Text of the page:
AARP Eye Center
It's 1 a.m. in Churchill, Manitoba, and I'm swathed in so many layers of wool, down and high-tech clothing that I can barely move. The temperature is 44 below zero: It doesn't matter whether that's Fahrenheit or Celsius; the scales meet at 40 below. I should be dancing around for warmth, instead I'm lying on frozen tundra watching ethereal green, white and rose lights streak, shimmy, swirl and shimmer in the night sky.
It seems like everyone has seeing the northern lights, or aurora borealis, on his or her bucket list — for good reason. They're awesome. But the truth is, even when taking a themed tour or visiting a location renowned for sightings, there are no guarantees. Clouds might mask the lights, or they may not appear. You can increase — but never ensure — the odds of success by understanding what they are and where and when they are most likely to appear.
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What: Bursts of green, red, blue and violet light caused when solar winds carrying electrically charged particles penetrate Earth's magnetic shield and collide with atmospheric gases
Where: The action occurs in the auroral oval centered over Earth's north pole, and can be observed more than half of the nights of the year between the north and south latitudes of about 60 and 75 degrees. Good sighting spots include parts of Alaska, Greenland, Iceland, Canada, Norway, Sweden and Finland. Maximize your chances by choosing a rural destination far from city lights and staying at least three nights.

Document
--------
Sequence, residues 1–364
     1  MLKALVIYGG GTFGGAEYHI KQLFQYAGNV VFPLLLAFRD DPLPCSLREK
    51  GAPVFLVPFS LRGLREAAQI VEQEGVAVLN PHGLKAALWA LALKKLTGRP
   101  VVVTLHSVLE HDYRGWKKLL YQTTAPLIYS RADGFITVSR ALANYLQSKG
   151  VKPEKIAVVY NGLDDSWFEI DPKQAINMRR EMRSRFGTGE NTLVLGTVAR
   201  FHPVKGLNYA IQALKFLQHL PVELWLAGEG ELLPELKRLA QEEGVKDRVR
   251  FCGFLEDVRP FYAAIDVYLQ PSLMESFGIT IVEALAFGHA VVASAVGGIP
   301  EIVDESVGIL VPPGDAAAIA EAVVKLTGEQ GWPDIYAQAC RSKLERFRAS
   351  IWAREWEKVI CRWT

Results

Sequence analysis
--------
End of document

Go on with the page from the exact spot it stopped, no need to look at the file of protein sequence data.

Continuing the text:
When: Generally, the best opportunities occur from late September through March. Clear, dark nights are ideal, with the optimal hours usually between 10 p.m. and 2 a.m.
Tip: When chasing this elusive show, choose a location or an itinerary that offers daytime diversions as well as fallback options for cloudy nights. That way you'll enjoy a memorable vacation, lights or no lights.
Here are some special ways to experience the phenomenon (rates are per person and subject to change):
Churchill, Manitoba, edges Hudson Bay and lies beneath the auroral oval. Frontiers North Adventures transports guests via Tundra Buggy across the frozen Churchill River to its Thanadelthur Lounge, located far from any light pollution. Warm up inside until the show begins, then head to a rooftop observation deck or out on the frozen tundra for viewing. The weeklong tour includes three nights in Winnipeg, four nights in Churchill, meals and daytime activities including dogsledding, snowshoeing and museum visits.
Rates: from $5,799
Hurtigruten offers a 12-day coastal cruise round trip from Bergen, home to a UNESCO World Heritage Site (its 14th-century Bryggen district), to Kirkenes, nine miles from the Russian border. You'll see countless fjords and mountains and 34 ports of call — and the cruise line is so confident you'll see the lights on cruises from October to March, they promise to give you a free six- or seven-day cruise if you miss them.
Rates: from $1,949